According to Vice News, in 2015, Barbie broke out of her usual role as a childhood toy and became a video blogger. But how in the world does a doll have a vlog? A multi-person team, a black suit, and some animation.
In some ways, a day on set of Barbie’s vlog is starkly different from those of typical YouTubers. The girl behind the doll is America Young, who has been wearing a “motion-capture suit” since the vlog’s creation three years ago. As Young acts out what’s been prepared for Barbie that day, the team of animators bring on-screen Barbie to life. Once the final touches are in place, Barbie looks like your everyday, modern vlogger.
Mattel decided to have Barbie start her own vlog due to a two-decade sales decrease. Their sales were declining because of the increase in technology; simply put, “kids weren’t playing with [Barbie] like they used to…they want[ed] iPads, instead.” Mattel knew how popular vlogging and YouTubing had become, so rather than trying to beat them, they joined them. And they made an accurate assessment, since sales are back up since Barbie got behind the webcam.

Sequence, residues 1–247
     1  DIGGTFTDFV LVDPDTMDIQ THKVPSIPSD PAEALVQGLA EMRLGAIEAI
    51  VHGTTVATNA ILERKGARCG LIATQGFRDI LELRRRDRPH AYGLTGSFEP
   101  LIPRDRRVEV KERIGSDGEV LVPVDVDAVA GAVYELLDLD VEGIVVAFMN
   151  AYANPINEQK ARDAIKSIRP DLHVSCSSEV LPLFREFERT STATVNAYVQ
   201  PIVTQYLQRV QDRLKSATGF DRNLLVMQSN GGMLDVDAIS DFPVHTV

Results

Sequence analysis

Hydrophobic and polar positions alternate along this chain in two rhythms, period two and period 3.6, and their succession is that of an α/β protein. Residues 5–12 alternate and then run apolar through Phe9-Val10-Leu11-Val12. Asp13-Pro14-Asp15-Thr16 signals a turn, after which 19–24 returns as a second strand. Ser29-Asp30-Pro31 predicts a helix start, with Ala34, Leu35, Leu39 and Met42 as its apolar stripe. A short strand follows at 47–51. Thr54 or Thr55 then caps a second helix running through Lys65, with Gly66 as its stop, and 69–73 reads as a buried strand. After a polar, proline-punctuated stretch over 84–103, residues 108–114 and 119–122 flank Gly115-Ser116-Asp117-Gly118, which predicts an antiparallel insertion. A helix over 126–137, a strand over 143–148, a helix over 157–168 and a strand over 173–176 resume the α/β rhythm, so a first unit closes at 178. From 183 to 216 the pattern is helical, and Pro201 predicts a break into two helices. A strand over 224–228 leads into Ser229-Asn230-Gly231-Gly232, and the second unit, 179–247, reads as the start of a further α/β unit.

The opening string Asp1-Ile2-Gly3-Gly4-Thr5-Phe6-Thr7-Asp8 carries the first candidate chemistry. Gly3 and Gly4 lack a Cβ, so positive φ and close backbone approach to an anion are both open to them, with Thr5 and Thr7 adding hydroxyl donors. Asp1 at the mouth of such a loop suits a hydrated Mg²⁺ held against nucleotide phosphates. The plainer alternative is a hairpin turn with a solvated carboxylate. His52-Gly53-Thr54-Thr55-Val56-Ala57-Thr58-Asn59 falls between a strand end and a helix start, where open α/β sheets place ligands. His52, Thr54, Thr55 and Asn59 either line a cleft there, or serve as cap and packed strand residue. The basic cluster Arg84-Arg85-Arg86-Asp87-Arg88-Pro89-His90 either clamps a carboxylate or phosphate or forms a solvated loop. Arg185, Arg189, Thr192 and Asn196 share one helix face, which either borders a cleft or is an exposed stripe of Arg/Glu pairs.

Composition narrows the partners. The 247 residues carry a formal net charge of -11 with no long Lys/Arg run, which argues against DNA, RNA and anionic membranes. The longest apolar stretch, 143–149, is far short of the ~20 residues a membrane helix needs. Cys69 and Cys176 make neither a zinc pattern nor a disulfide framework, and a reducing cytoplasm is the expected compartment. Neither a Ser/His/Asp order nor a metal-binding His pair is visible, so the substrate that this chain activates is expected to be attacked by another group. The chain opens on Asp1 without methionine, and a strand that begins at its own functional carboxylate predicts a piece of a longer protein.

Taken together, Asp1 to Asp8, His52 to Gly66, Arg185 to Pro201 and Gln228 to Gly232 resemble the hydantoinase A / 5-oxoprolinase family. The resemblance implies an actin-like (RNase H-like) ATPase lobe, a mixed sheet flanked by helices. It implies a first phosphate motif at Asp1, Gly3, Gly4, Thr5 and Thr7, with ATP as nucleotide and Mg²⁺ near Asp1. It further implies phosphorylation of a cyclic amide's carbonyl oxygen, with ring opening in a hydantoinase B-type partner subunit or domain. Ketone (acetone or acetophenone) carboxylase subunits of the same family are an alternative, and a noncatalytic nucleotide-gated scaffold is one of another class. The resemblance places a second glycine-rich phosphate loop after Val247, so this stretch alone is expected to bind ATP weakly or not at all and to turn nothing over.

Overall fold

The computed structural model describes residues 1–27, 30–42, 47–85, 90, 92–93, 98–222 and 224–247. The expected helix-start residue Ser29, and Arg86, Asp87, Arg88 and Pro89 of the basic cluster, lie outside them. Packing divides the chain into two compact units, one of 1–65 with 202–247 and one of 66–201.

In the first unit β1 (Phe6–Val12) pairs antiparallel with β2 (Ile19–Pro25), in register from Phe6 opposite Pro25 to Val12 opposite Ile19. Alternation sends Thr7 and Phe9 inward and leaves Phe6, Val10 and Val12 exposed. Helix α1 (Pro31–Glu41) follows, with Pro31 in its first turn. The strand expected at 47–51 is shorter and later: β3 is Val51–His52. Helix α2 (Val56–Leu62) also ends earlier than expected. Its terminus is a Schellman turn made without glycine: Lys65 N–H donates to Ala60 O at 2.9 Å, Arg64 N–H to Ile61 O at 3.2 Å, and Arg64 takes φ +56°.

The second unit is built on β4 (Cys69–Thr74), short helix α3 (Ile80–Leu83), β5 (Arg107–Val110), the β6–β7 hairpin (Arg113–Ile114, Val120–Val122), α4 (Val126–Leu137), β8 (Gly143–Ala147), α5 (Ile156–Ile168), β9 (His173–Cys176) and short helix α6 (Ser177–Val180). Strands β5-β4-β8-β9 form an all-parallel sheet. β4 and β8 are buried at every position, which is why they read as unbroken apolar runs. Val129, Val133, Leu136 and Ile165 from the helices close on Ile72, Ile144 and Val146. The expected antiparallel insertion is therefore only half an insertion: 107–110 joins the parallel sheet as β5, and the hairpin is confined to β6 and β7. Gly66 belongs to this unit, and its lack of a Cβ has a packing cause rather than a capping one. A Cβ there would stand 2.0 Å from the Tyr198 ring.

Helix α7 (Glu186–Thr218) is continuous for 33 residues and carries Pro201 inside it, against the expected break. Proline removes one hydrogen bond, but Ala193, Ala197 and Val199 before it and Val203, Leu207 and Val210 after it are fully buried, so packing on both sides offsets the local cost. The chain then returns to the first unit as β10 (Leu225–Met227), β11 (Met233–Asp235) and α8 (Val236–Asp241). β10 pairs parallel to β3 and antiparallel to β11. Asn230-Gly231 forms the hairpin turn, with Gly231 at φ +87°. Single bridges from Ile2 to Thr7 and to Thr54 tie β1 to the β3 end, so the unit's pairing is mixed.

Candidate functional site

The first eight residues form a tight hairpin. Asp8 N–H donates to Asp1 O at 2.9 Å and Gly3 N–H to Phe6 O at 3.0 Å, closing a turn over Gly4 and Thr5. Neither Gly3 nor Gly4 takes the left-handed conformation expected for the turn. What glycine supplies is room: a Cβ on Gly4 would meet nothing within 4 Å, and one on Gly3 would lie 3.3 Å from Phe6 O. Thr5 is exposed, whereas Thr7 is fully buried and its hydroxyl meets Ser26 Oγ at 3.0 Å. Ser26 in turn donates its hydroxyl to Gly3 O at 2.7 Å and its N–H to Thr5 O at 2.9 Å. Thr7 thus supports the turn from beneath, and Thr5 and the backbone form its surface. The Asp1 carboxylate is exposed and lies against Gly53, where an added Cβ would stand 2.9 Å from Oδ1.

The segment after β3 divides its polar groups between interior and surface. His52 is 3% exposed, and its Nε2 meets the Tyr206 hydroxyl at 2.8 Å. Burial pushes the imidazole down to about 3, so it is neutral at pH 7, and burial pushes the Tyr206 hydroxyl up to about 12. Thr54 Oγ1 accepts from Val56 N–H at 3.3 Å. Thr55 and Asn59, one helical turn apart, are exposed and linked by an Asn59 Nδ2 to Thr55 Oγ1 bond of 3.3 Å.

Typically, Barbie is seen sitting at her desk in her pink-clad room covering an array of topics. She discusses the latest fads, issues surrounding mental health and self esteem, and even gives tours of her house. In a recent video, she talked about how she “challenged her friends and sisters to go a whole day without saying ‘sorry’ as a reflex.” Sometimes Ken even makes an appearance, like in a recent post where they filmed a cooking tutorial together.
However, Barbie’s voice is limited to cooking, make-up, and all-inclusive conversations, and will not span into the realm of social activism. According to Vice, Mattel’s executive producer, Julia Pistor, said she doesn’t “feel comfortable having a conversation that would give Barbie a singular point of view, because [Mattel is] about bringing everybody together.” If Barbie takes a stance on a highly polarizing political issue, she risks losing fans and followers, a result which would be counterproductive, since her vlog was meant to “translate into cash.”
YouTube is not the only millennial format that Barbie uses. She’s also on Instagram, solidifying herself as one of the most “woke” 59-year-olds to date, and allowing her millions of fans to have access to her Mattel-created, hip life.